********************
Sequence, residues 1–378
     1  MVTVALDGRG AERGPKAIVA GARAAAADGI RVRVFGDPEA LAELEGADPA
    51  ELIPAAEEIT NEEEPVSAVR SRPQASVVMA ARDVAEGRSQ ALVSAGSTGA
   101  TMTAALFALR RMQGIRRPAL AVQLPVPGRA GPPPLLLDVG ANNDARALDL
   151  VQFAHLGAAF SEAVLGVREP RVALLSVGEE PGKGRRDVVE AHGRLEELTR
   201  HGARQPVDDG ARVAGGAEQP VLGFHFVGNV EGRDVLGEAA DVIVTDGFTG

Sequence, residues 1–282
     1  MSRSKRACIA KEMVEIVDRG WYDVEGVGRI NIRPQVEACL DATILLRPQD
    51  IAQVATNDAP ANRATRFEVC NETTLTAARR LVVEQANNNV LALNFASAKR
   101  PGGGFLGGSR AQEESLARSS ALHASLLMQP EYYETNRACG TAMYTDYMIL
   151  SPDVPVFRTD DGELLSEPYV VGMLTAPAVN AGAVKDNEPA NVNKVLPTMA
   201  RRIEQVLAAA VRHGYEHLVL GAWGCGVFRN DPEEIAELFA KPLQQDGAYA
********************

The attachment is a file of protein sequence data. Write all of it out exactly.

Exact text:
Sequence, residues 1–378
     1  MVTVALDGRG AERGPKAIVA GARAAAADGI RVRVFGDPEA LAELEGADPA
    51  ELIPAAEEIT NEEEPVSAVR SRPQASVVMA ARDVAEGRSQ ALVSAGSTGA
   101  TMTAALFALR RMQGIRRPAL AVQLPVPGRA GPPPLLLDVG ANNDARALDL
   151  VQFAHLGAAF SEAVLGVREP RVALLSVGEE PGKGRRDVVE AHGRLEELTR
   201  HGARQPVDDG ARVAGGAEQP VLGFHFVGNV EGRDVLGEAA DVIVTDGFTG

Sequence, residues 1–282
     1  MSRSKRACIA KEMVEIVDRG WYDVEGVGRI NIRPQVEACL DATILLRPQD
    51  IAQVATNDAP ANRATRFEVC NETTLTAARR LVVEQANNNV LALNFASAKR
   101  PGGGFLGGSR AQEESLARSS ALHASLLMQP EYYETNRACG TAMYTDYMIL
   151  SPDVPVFRTD DGELLSEPYV VGMLTAPAVN AGAVKDNEPA NVNKVLPTMA
   201  RRIEQVLAAA VRHGYEHLVL GAWGCGVFRN DPEEIAELFA KPLQQDGAYA